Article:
These trends have been especially harsh for women. Since 1970, the rate of incarceration of women has increased more than twelvefold, and although about half of women in state prisons had been using drugs or alcohol at the time they committed the offense for which they were incarcerated, treatment for substance abuse remains grossly inadequate in our prisons and jails. Similarly, there is limited mental health treatment available, though nearly three-quarters (73.1 percent) of women in state prison in 2005 had a mental health problem, compared to 55 percent of men.

As our incarceration rate has grown, moreover, governments have adopted policies that limit the access of people convicted of crimes to student loans, jobs and the right to vote long after they have paid their debts to society. Together, these trends mean that staggering numbers of Americans are either behind bars or disabled from reclaiming responsible, productive lives after prison. Their substance abuse and mental health problems go untreated and, predictably, are often greatly exacerbated by life behind bars.

Research and common sense show that these punitive responses fail to prevent future crimes or provide rehabilitation, while wrecking lives and devastating families. Seven in 10 women enmeshed in the criminal justice system, for example, have minor children to care for.

Not surprisingly, the system has been unduly harsh not only on women but also on racial minorities:

Although African Americans and whites use illegal substances at about the same rates, African Americans are far more likely to be incarcerated for drug offences. Between 1990 and 2000 the number of African Americans incarcerated in state prisons for drug offenses increased by over 80 percent to 145,000, a number that is 2.5 times higher than that for whites. Affluent whites like Ms. Lohan are far more likely to be let go with a warning, to avoid prison time, or to avoid criminal scrutiny at all. Their substance abuse problems lead them to places like Promises, not the penitentiary. Race and class, then, play a powerful role in determining the consequences of unlawful behavior.

Livingston is optimistic though. She sees glimmers of hope in programs being implemented around the country, from New York’s Drug Treatment Alternative to Prison program to a California program that — shock! — is in jeopardy and may lose its funding. I’m not as optimistic as Livingston. I wonder, as Professor Plum pointed out in a comment yesterday, if the racism in our criminal justice system is so ingrained at this point that we don’t even see it anymore except for when it’s smacking us in the face.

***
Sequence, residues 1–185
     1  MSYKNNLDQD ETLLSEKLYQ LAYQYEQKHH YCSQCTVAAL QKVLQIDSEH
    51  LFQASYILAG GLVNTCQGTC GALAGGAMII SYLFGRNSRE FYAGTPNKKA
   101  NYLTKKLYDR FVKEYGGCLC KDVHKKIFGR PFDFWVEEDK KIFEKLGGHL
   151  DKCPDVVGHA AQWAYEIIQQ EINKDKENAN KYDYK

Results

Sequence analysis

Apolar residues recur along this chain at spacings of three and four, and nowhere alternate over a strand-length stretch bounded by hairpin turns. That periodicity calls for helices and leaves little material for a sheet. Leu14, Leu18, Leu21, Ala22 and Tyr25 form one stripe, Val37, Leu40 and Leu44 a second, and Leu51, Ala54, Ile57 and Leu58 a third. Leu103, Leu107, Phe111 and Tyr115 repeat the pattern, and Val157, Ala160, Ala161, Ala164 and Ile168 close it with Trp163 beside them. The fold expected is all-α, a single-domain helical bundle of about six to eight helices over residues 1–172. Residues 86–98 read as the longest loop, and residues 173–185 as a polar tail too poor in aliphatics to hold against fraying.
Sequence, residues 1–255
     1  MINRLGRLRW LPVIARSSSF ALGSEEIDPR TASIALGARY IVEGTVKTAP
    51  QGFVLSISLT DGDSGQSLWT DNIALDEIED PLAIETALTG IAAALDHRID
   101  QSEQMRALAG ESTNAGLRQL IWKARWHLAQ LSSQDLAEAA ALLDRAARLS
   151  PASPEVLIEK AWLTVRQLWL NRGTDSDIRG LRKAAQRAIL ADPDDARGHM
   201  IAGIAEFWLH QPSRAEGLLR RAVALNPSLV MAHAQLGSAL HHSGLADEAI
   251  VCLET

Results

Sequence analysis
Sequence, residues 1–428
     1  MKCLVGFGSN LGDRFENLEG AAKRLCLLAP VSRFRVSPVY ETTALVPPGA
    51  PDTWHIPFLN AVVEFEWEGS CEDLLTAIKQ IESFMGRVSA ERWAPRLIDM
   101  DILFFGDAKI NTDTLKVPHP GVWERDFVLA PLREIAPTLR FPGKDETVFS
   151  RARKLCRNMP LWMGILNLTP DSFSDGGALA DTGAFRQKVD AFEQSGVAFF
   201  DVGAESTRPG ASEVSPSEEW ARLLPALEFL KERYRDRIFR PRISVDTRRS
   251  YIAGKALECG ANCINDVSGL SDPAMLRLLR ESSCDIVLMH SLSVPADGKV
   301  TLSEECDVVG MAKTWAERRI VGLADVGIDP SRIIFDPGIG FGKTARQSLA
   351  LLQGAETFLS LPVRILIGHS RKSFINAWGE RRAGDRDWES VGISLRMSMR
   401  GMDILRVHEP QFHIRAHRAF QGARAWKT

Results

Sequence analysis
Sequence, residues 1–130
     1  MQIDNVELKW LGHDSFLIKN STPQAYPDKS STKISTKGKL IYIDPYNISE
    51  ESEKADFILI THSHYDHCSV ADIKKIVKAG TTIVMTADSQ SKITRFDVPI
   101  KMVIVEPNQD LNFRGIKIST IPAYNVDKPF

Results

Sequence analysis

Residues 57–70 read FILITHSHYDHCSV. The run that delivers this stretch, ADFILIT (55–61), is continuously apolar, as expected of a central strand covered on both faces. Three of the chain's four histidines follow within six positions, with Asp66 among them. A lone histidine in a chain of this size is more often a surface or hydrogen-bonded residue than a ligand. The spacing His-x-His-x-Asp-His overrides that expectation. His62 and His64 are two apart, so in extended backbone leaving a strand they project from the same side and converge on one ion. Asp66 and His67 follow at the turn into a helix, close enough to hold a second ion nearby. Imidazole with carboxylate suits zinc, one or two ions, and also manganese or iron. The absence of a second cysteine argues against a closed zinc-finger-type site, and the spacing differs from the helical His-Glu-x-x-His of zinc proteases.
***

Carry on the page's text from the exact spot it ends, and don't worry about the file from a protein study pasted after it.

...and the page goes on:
I mean, we make jokes at Paris Hilton’s expense, and at the expense of the myriad other celebrities who get caught with drugs but get away scot free. Given today’s biased system, isn’t it they who should be laughing?



A Haiku
May 31, 2007, 9:35 pm
Filed under: frivolity, me, NYC

A Haiku that will give you some insight into my current extracurricular activity:

Manhattan Island
Apartment Hunting Is A
Bummer in Summer.



Bad Bean
May 28, 2007, 11:10 pm
Filed under: frivolity, laziness, me

I keep promising more posts — at least daily — and I keep failing to deliver. Alas.

Here’s the scoop: I am working full time this summer. I can’t blog during the workday. I try to blog either in the early morning or late night hours, but I don’t always get to (sleep, the gym, a social life get in the way).

But I’ll make you a deal: I’ll continue to post as often as possible, though maybe not every day. And you keep reading, looking forward to the day later this summer when posting will resume at its breakneck pace. Mmmkay?



From Zeus to Hammerheads
May 23, 2007, 10:49 pm
Filed under: feminism/s & gender, frivolity, news, sexuality

The NY Times today ran what is bar none the most interesting article I’ve seen in a very very long time.

Turns out, that parthenogenic reproduction is not just the stuff of Greek myth. It actually happens! And not just in plants. In vertebrates too.

According to the Times, a female hammerhead shark recently gave birth to a baby shark that has no male DNA. How does such a thing happen? Well, it goes a little something like this:

the female shark’s own genetic material combined during the process of cell division that produces an egg. A cell called the secondary oocyte, which contains half the female chromosomes and normally becomes the egg, fused with another cell called the secondary polar body, which contains the identical genetic material.

Whoa. What’s funny to me about this is that there was recently a flurry of news about the possibility of parthenogenic reproduction in other animals.

What’s interesting to me is this: the first — or at least most famous — instance of parthenogenesis is the birth of Athena, fully formed, from Zeus’s head. Athena had no mother. Parthenogenesis, in Greek times, wrote women totally out of the picture. But today that equation is reversed. Now it is men’s role that parthenogensis threatens. If reproduction can take place without the contribution of men, might that make men obsolete?

And what, I wonder, would that mean for the raging debates around human sexuality today? If, sexually speaking, men were less important for reproduction than for sexual pleasure, might we lose some of our puritanism? It’s sci fi for now, but I can’t help but wonder….